Station Eleven by Emily St. John Mandel

Station Eleven Book Cover Station Eleven
Emily St. John Mandel

The sudden death of a Hollywood actor during a production of King Lear marks the beginning of the world's dissolution, in a story told at various past and future times from the perspectives of the actor and four of his associates.

It’s the end of the world as we know it and I feel fine…

A global flu is spreading rapidly.  A flight from Moscow brings it to Toronto.  In a matter of days, an estimated 99% of the population is dead.

Years later, a troupe of actors and musicians travel around the Great Lakes performing Shakespeare to isolated towns of survivors and people born after the flu.  Kirsten was a child actor on stage when Arthur Leander died in Toronto the night the flu hit.  She has vague fond memories of him as a kind man who gave her some comic books about Station Eleven, a space station the size of a moon.

The book traces her experiences after the flu and the experiences before and after of several people who were in contact with Arthur Leander.  The book jumps around in time to compare their intertwining lives before the end of civilization and now.

It took me a while to get into this book.  I almost put it aside but everyone has been raving about it so I gave it another go.  I’m glad I did.  I liked the way the disparate characters in the story are actually related in tangential and circumstantial ways.

I think the thing that will stay with me from this book though is this.  Kirsten had heard of the theory of multiple universes.  She wasn’t sure if it had been a real theory or if the person who told her about it had made it up.  She asked around but no one could tell her anything.

“No one had any idea, it turned out.  None of the older Symphony members knew much about science, which was frankly maddening given how much time these people had had to look things up on the Internet before the world ended.”  pages 199-200

I’ve often been frustrated by myself whenever I feel bored when I am holding access to the sum total knowledge of humanity in my hand.  Now I’m going to add the guilt of knowing that playing Candy Crush was wasting knowledge gathering time that I won’t get back.  But that’s ok, I guess.  I’ve never wanted to survive an end of the world scenario.  No, thank you.  I’d like to be first to die, please.  No running for my life while fighting zombies for me.  I’d like to be at the epicenter of the nuclear bomb blast.  While reading this book, I was making disaster plans involving access to the good drugs at work to kill myself before the food ran out.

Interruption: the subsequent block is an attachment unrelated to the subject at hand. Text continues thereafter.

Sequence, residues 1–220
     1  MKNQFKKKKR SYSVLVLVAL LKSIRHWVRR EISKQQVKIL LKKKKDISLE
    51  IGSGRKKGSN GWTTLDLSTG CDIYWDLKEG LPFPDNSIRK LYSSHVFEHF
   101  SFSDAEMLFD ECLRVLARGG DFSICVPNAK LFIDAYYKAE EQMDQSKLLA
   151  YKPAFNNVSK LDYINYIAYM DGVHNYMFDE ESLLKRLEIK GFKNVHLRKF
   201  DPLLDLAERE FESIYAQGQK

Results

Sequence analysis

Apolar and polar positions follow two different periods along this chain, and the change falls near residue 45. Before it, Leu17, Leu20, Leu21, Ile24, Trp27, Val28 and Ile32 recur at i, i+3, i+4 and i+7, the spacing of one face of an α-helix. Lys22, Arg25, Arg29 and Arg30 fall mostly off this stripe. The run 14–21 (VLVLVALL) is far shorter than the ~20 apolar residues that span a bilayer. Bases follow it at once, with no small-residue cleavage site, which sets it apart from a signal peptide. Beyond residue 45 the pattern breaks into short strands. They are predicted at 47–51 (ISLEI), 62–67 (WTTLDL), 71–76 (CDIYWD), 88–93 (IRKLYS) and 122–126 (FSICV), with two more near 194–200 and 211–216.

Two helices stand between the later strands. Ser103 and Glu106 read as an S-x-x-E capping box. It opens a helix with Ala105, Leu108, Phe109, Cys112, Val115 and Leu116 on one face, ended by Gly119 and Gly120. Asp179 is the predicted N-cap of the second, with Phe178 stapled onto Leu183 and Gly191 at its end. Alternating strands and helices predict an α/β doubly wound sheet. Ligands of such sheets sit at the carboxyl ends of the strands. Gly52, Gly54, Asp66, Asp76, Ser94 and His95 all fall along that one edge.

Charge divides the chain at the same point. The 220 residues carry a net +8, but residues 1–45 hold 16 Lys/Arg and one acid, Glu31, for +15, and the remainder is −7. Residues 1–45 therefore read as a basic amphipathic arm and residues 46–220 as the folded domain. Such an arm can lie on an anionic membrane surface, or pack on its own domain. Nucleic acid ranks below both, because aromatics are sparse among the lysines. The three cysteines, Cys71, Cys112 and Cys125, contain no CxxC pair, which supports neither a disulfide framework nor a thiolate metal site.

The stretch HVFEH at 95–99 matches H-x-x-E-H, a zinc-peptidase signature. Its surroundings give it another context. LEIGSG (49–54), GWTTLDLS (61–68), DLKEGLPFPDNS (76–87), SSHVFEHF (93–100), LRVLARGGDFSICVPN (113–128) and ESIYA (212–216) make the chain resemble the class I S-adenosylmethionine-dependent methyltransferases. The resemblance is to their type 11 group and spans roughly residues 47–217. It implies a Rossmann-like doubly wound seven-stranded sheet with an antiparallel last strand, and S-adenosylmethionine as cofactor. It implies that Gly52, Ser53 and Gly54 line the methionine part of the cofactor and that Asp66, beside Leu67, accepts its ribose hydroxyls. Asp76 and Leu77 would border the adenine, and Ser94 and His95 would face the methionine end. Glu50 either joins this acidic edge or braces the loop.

Is it just me?  Do you imagine yourself as a survivor or as zombie food?


Books N Bloggers Swap Reveal

I received my package today in the Books N Bloggers Swap.

My partner was Kenzie from Chasing My Extraordinary.

We were to send a book we loved, a book we haven’t read but are interested in, and a book from our partner’s wish list. Here’s what I got.


One for the Money (Stephanie Plum, #1)One for the Money by Janet Evanovich

“Pestered by her close New Jersey family, Stephanie Plum offers to catch high-school crush Joe Morelli, cop turned bail jumper, for her cousin Vinnie’s company. “

City of WomenCity of Women by David R. Gillham

“Whom do you trust, whom do you love, and who can be saved?

It is 1943—the height of the Second World War—and Berlin has essentially become a city of women.
Sigrid Schröder is, for all intents and purposes, the model German soldier’s wife: She goes to work every day, does as much with her rations as she can, and dutifully cares for her meddling mother-in-law, all the while ignoring the horrific immoralities of the regime. But behind this façade is an entirely different Sigrid, a woman who dreams of her former lover, now lost in the chaos of the war. Her lover is a Jew.”

Daughter of Smoke & Bone (Daughter of Smoke & Bone, #1)Daughter of Smoke & Bone by Laini Taylor

“Around the world, black handprints are appearing on doorways, scorched there by winged strangers who have crept through a slit in the sky.

In a dark and dusty shop, a devil’s supply of human teeth grows dangerously low.

And in the tangled lanes of Prague, a young art student is about to be caught up in a brutal otherwordly war.”

I also received some hot chocolate and some great skin care products which will be great during this cold snap. Thanks Kenzie!


Persuasion by Jane Austin

Persuasion Book Cover Persuasion
Jane Austen

Twenty-seven-year old Anne Elliot is Austen’s most adult heroine. Eight years before the story proper begins, she is happily betrothed to a naval officer, Frederick Wentworth, but she precipitously breaks off the engagement when persuaded by her friend Lady Russell that such a match is unworthy. The breakup produces in Anne a deep and long-lasting regret. When later Wentworth returns from sea a rich and successful captain, he finds Anne’s family on the brink of financial ruin and his own sister a tenant in Kellynch Hall, the Elliot estate. All the tension of the novel revolves around one question: Will Anne and Wentworth be reunited in their love?

My mother and I are headed to Bath this May.  Since Jane Austen is a big deal in Bath, I’ve decided to reread at least a few of her books before we go.  I started with Persuasion because I didn’t remember it.  It is her last book.

I didn’t find it as readable as Pride and Prejudice or Sense and Sensibility.  The sentence structure was more complex and convoluted.  I had to concentrate a lot to figure out what person in the beginning of the sentence she was referring to by the end of the sentence.  If this was the first Austen you read, I don’t know that you’d try another.

Since this is Austen I promise that (SPOILER ALERT) – ladies act silly, a poor man makes his fortune, some female gets an illness, and they all live happily ever after.
BBC pointed shaded




reading england 5


American Visa by Juan De Recacoechea

American Visa Book Cover American Visa
Juan De Recacoechea
Akashic Books

Armed with fake papers, a handful of gold nuggets and a snazzy custom-made suit, an unemployed schoolteacher with a singular passion for detective fiction sets out from small-town Bolivia on a desperate quest for an American visa – his best hope for escaping his painful past and reuniting with his grown son in Miami.

One of my goals in looking for books set in South America was to find books from Bolivia.  I spent some time there during vet school.


I spent time in Santa Cruz and then in a small town east of Santa Cruz, about halfway to the Brazilian border.  Even on maps of Bolivia that area never gets any love.  So far I haven’t been able to find any books set there.